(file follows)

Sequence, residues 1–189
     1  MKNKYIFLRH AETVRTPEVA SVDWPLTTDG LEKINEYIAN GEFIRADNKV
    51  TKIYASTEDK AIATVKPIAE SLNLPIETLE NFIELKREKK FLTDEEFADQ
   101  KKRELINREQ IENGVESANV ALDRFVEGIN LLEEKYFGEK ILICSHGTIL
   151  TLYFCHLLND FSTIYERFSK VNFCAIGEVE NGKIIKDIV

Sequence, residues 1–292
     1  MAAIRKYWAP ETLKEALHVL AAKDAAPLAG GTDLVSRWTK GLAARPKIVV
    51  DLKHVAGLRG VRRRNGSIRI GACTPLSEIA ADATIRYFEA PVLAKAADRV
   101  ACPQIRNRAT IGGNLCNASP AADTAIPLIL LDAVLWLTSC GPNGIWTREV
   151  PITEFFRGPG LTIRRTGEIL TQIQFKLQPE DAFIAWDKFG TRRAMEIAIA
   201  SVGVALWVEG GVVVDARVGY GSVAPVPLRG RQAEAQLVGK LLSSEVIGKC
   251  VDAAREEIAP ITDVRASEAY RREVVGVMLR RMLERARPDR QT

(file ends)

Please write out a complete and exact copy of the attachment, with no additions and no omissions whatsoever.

Sequence, residues 1–189
     1  MKNKYIFLRH AETVRTPEVA SVDWPLTTDG LEKINEYIAN GEFIRADNKV
    51  TKIYASTEDK AIATVKPIAE SLNLPIETLE NFIELKREKK FLTDEEFADQ
   101  KKRELINREQ IENGVESANV ALDRFVEGIN LLEEKYFGEK ILICSHGTIL
   151  TLYFCHLLND FSTIYERFSK VNFCAIGEVE NGKIIKDIV

Sequence, residues 1–292
     1  MAAIRKYWAP ETLKEALHVL AAKDAAPLAG GTDLVSRWTK GLAARPKIVV
    51  DLKHVAGLRG VRRRNGSIRI GACTPLSEIA ADATIRYFEA PVLAKAADRV
   101  ACPQIRNRAT IGGNLCNASP AADTAIPLIL LDAVLWLTSC GPNGIWTREV
   151  PITEFFRGPG LTIRRTGEIL TQIQFKLQPE DAFIAWDKFG TRRAMEIAIA
   201  SVGVALWVEG GVVVDARVGY GSVAPVPLRG RQAEAQLVGK LLSSEVIGKC
   251  VDAAREEIAP ITDVRASEAY RREVVGVMLR RMLERARPDR QT